Regal Renaissance: The Royal Opera House Re-opens
TAKE on art|July - December 2017

The Royal Opera House Mumbai is widely touted as ‘Mumbai’s cultural crown jewel’ and India’s only surviving opera house. The original idea for the space was conceived of in 1908. It was inaugurated in 1911 by King George V, and eventually completed in 1916. The design incorporated a blend of European and Indian detailing.

Asad Lalljee

The space became a cinema in later years before falling into disrepair and shutting by the 1990s. Fittingly, the space has been owned by the Royal Family of Gondal since 1952 and was eventually restored by the conservation architect, Abha Narain Lambah under the leadership of the current Maharaja of Gondal, Shri Jyotendrasinhji. The Royal Opera House Mumbai, now one of the last remaining Baroque structures in the city, reopened after 23 years in October 2016.

The building was included on the 2012 World Monuments Watch to raise awareness about its history and significance, and to garner support for its preservation. Today, it stands as a prime example of restored and renewed city heritage.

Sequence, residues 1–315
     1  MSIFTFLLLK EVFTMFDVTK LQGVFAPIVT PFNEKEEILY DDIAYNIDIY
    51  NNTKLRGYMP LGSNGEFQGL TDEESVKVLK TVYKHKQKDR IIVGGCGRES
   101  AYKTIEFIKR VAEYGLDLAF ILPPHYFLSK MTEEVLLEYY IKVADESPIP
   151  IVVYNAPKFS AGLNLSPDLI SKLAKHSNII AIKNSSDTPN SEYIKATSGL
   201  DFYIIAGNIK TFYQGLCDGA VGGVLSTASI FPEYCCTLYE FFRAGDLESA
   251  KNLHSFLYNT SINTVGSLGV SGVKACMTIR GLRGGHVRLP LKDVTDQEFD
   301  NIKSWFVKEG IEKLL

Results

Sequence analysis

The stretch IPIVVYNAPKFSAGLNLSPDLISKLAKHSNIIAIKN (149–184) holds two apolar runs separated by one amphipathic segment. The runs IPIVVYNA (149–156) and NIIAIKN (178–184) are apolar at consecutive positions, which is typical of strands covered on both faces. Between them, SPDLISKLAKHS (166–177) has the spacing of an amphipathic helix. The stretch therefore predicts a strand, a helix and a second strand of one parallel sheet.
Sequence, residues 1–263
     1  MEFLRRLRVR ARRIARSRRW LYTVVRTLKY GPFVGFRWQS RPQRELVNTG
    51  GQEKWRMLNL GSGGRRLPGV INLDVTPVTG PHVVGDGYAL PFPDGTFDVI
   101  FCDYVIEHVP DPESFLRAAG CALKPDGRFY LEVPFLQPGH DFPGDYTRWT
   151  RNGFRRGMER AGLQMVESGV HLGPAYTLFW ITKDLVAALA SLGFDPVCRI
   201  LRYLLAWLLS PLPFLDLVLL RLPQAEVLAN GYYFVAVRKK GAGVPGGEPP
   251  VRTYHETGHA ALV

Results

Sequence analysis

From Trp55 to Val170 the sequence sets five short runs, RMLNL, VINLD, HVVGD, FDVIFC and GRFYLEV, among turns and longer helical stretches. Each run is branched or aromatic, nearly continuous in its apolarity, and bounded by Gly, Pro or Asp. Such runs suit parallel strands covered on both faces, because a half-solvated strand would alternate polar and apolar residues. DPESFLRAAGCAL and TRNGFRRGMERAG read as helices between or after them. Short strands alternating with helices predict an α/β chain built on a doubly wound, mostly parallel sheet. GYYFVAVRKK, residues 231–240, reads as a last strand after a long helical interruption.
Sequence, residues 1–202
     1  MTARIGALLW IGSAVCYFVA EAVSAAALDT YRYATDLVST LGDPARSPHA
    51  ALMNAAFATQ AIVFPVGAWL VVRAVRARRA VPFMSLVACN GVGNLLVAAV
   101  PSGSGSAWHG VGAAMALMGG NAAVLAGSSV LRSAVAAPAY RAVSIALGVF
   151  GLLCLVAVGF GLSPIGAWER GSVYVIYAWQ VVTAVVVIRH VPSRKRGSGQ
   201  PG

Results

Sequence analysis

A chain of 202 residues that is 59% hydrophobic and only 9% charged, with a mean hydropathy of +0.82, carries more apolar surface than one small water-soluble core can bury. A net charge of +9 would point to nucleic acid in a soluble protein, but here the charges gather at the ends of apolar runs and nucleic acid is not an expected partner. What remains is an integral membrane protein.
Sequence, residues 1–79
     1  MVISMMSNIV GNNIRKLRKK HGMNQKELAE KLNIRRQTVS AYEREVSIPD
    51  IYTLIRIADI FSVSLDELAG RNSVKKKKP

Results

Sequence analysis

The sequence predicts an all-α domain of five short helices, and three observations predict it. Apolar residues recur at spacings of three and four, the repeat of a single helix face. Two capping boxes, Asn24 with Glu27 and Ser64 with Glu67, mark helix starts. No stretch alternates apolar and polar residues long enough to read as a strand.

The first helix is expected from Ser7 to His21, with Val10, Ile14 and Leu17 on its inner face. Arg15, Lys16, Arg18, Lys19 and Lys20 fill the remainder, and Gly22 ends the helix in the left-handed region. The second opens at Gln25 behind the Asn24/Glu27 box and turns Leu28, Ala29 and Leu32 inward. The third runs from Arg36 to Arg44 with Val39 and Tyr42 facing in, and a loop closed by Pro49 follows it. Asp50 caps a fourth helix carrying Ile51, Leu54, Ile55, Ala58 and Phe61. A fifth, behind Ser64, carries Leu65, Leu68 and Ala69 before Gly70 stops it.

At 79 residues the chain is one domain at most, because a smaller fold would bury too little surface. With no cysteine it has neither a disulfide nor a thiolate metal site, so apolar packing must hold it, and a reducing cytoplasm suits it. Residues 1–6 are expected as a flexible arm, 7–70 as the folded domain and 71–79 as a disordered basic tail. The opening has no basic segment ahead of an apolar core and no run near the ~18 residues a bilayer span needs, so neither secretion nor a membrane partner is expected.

The building’s place as a heritage icon that has been re-gifted to the city is undeniable and we’ve made conscious decisions to include the venue in heritage walks and tours which allow the space to be accessible to curious locals and visitors alike, who have the opportunity to learn not just about the opulently restored structure, but also the Royal Opera House’s positioning in Mumbai’s entertainment industry, its role in the evolution from street theatre to cinema, and its operatic legacy.

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